I have been a fan since encountering Can's 'Ege Bamyasi' [Means "Aegean Okra" no less] circa 1972, its cover photo of Okra, as Stubbs cleverly notices, is a pointer to an affinity with Warhol's Factory. I just thought it was funny, not an aesthetic symbol. It certainly stunned me with its psychedelic rhythms, unique singing and all round difference. I love what I have always called 'Krautrock', something I am surprised to find I never considered might be seen as offensive. I learned early that the pernicious notion of the Germans as without humour, of theirs as a land of mindless obedience was just plain ignorant. Stubbs's comprehensive, searching and fascinating account had me, a lover of Amon Duul 2, Faust and Can especially, revelling in the love of Germany and its war-inflected music starkly different from Anglo-American rock. And the war reference is interesting, explaining the context of the heterodox, invariably communalist nature of these combos; the Fuehrer principle was detested by them all. That he argues for using the controversial term for this music despite it being reviled by the groups shows, curiously, how much he cares and is a statement of intent of great integrity and intelligence. This is a bold, ambitious cultural history of what has been a surprisingly pervasive influence on much pop music. He interviews many of the musicians, an interesting lot and full of compelling ideas; the evocations of the music had me getting the CDs out to luxuriate in the strange beauty of a sub-genre that had the pop and the avant garde intersect: the lack of prominence of the lead singer, the ambient, trance-like tunes, the atonality, the insistent, driving 'motorik' percussion eschewing the Dreaded Drum Solo, 'found sound'/music concrete, the frequent quirkiness. Read more ›
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3 of 3 people found the following review helpful
5.0 out of 5 stars What I'd been waiting for but... 4 Jan. 2015
Format:Paperback|Verified Purchase
I'd always wanted and been waiting for someone to write a thoughtful, analytical account of Krautrock as a companion to Julian Cope's admittedly highly-entertaining but determinedly non-cerebral Krautrocksampler.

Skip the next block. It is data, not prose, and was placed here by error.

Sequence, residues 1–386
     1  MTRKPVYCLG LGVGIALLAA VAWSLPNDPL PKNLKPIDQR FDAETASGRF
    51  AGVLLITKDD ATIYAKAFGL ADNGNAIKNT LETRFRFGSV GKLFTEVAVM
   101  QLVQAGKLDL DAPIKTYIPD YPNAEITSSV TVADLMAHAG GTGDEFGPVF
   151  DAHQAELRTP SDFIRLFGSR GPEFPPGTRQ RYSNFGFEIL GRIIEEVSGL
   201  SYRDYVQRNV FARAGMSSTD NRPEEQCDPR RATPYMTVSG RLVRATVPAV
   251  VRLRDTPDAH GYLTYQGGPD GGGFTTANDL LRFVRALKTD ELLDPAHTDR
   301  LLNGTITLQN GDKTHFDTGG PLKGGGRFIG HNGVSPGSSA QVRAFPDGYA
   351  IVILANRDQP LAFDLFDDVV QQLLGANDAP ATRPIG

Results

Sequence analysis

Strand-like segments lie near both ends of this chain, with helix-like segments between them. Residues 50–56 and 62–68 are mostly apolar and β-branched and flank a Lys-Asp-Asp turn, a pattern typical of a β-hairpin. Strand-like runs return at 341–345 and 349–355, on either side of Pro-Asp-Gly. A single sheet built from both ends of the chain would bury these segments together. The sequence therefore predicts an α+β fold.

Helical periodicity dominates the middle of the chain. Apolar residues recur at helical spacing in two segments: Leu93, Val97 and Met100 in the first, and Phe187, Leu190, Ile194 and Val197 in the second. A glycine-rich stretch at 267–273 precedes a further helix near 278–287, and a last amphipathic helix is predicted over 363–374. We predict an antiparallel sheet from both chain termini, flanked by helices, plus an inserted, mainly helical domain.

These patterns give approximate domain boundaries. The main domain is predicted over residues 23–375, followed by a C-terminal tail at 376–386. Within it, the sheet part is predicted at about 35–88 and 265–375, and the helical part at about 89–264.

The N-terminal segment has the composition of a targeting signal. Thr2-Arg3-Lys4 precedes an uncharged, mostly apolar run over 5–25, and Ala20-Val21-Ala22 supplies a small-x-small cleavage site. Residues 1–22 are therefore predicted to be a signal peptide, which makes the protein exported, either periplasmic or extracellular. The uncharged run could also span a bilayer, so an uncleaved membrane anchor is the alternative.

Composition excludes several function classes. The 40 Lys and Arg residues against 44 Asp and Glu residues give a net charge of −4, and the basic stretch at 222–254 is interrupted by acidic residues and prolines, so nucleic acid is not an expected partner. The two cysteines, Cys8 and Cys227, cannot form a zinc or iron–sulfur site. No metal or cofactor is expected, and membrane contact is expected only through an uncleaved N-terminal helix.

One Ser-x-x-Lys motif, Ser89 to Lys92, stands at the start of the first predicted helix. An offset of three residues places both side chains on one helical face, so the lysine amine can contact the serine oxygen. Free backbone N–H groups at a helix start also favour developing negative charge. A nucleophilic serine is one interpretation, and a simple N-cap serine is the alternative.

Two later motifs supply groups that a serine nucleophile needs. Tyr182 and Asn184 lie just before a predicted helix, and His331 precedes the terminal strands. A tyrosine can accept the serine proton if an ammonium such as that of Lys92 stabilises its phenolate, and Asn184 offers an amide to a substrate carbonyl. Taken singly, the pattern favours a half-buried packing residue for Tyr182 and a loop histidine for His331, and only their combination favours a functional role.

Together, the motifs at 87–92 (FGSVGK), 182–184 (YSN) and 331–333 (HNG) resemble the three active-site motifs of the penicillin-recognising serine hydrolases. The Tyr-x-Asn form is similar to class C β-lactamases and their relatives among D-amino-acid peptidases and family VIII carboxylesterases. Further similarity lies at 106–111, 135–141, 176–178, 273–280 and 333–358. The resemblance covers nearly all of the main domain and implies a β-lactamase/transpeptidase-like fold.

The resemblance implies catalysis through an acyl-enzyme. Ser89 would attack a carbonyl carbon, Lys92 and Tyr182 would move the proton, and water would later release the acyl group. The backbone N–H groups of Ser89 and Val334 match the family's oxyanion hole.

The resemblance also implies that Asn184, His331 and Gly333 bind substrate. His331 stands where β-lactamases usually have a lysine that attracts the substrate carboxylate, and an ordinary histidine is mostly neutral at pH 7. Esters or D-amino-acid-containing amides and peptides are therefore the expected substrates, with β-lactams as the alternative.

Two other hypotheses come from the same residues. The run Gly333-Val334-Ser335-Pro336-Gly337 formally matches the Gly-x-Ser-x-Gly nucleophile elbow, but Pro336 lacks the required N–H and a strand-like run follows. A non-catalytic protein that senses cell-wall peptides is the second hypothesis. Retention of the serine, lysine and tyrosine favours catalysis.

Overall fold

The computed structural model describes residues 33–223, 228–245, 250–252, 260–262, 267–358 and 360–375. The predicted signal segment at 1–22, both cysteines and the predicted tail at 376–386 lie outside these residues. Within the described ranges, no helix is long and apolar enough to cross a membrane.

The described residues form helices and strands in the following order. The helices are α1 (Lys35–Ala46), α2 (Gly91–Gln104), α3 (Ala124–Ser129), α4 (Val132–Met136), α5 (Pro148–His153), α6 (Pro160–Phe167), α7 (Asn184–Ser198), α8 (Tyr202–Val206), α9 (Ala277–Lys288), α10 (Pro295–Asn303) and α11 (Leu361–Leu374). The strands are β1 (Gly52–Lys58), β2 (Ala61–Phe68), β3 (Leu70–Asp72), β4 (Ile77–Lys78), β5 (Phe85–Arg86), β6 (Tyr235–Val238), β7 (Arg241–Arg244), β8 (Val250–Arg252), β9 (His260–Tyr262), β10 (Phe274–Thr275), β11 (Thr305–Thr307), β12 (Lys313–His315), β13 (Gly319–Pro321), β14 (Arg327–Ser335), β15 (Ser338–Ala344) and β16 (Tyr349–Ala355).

This then is mostly that book. However it does have its failings. There is a small number of very, very basic errors. For example, Michael Karoli is described as Swiss; there is a reference to the 'title track' on Ege Bamyasi; and there's a paragraph in the Amon Duul section about Renate Knaup's signing on Dance of the Lemmings (she wasn't on that album except as guest on one short track).

In the section on Popol Vuh, I had hoped to read more about the (to me) essential German-ness of their music and also to read more about Daniel Fichelscher whose contribution to PV has always seemed to me to not get the credit it deserves. You'd think that PV were really just Florian Fricke when they were most definitely composed of two equal contributors.

It also seems quixotic to give Agitation Free and Guru Guru such little space (AF get only two mentions) when in the case of the latter when they were in some respects a quintessential Krautrock band what with the frequent guitar freak-outs, intense but untutored drumming, lots of heavy reverb, heavily effected vocals and so on.

I also experienced a fair amount of deja vu as there's a considerable amount of quotation from previous interviews e.g. in the Wire, the Quietus etc.

The book is really good on the cultural backdrop and also on the enduring legacy of Krautrock. However, I was surprised not to see more if anything at all about the influence of Krautrock in Japan. I don't recall any mention for example of Acid Mothers Temple and their ilk.
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2 of 2 people found the following review helpful
3.0 out of 5 stars well frankly really quite boring.. 6 Dec. 2014
By Shantiq
Format:Paperback|Verified Purchase
well frankly really quite boring... no info there that you would not have already known if you had paid attention to the press and then the internet in the last 30 years
Mr Stubbs writes a wicked album review and there are a few in here and brilliant there but to my mind he does not write a wicked biography;